Periods are one of ‘those’ subjects, almost a taboo, where I think women are often classed as slightly looney for even daring to write or talk about them.
Even as I write this, I’m mulling over ten different disclaimers in my head, just in case anyone is grossed out by my words… Isn’t that ridiculous? Periods are something that happen to women all over the world, every month, and yet we’re still apologising for having them.
In someways the subject of periods is like birth; only recently are we stepping out and discussing how our births went in more than just horror story mode. Women are having beautiful births, even orgasmic births, and we’re beginning to realise that discussing only the ‘pain’ of birth will lead to unnecessary fear and negativity.
Steph, who I follow on Instagram, shared an image of an interesting article today by Lisa Lister. It was about understanding your menstrual cycle – arming yourself with the knowledge of when you’ll be at your strongest mentally and physically (the first half of your cycle), and accepting that your hormone levels will drop and that you’ll be slower in the second half of your cycle. Understanding that we shouldn’t have to live in a world of “well it happens, so deal with it, but don’t complain because it’s gross and we don’t want to know about it… And don’t even *think* about calling in sick – even if you can barely move – because it’s just your period. But yeah, don’t talk to me about that. Yuck.“.
But why should we have to be silent on the matter? Why should it be a negative thing? A monthly ‘curse’? Why should we have to apologise for having periods? Surely that means, in a roundabout way, that we’re apologising for being women? (Gosh, I’m going all feminist on you!)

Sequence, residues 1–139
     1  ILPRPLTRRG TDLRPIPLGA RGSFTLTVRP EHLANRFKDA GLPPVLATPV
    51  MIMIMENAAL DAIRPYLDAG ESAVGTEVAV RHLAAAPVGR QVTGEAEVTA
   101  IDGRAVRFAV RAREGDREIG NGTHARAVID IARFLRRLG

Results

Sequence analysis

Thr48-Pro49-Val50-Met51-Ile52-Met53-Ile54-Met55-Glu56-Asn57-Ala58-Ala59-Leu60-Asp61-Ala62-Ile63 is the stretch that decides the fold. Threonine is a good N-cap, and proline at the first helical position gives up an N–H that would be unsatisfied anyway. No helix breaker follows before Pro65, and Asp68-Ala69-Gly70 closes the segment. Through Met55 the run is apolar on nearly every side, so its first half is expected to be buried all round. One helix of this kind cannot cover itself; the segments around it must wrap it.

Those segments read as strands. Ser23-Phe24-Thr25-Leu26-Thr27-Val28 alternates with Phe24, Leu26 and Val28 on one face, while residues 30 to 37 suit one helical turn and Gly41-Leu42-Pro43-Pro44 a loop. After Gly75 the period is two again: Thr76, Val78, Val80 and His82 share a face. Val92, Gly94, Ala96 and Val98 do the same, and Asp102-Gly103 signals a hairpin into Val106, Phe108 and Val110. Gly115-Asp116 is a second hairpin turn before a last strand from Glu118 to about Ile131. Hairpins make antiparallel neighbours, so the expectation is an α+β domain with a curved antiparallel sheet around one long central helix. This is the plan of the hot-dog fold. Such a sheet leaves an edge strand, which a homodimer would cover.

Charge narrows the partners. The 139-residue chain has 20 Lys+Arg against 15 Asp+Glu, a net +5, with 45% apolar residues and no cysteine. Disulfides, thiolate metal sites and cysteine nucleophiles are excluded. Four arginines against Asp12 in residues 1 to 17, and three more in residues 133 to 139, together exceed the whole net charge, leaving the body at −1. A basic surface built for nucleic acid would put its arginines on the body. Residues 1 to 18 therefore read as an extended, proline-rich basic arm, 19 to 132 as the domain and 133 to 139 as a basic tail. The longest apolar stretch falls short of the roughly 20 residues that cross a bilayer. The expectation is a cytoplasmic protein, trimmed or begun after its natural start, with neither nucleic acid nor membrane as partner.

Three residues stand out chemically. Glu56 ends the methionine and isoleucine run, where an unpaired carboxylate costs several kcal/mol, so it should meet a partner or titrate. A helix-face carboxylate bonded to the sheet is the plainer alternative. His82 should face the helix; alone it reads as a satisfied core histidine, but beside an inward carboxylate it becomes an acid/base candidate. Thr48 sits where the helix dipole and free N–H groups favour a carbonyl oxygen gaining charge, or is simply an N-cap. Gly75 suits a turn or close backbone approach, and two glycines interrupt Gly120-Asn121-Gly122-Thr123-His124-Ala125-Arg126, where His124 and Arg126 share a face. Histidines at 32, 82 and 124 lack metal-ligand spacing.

I found myself in a strange scenario this week. I had my usual toilet audience of my two little people; H-Bear was attempting to climb on (and eat) everything, and Busby was sat on the stool watching me. Suddenly Busby leapt up and said “Mummy! You’re bleeding!”. I didn’t really know how to respond. To be honest I felt a little embarrassed, even ashamed! But I realised in that moment that my daughter was about to learn about periods, and it was my responsibility to discuss it with her in a way that would mould how she viewed them for the rest of her life.
I didn’t want to scare her; she’s only three, and the only time she’s seen blood has been in a painful situation. I wanted to explain to her sensitively what was happening – she’s a smart cookie and understands a fair amount, so I told her that it’s not bad blood (trying hard not to sing Taylor Swift) – it’s good, because it means my body is ready to have another baby, and that she’ll have periods when she’s a big girl too… and then she reeled off a long list of women in her life that might have periods – so apologies to my mum, Nick’s mum and Auntie Zoë who may be met with questions…!
The deeper I delve into the Motherhood Wilderness, the more I realise how important it is to be positive about being a woman. Especially in the presence of my children. How what I say about being female will greatly impact on their views, their fears, their opinions of the world, and their treatment of others.
Phew… that’s a lot of responsibility!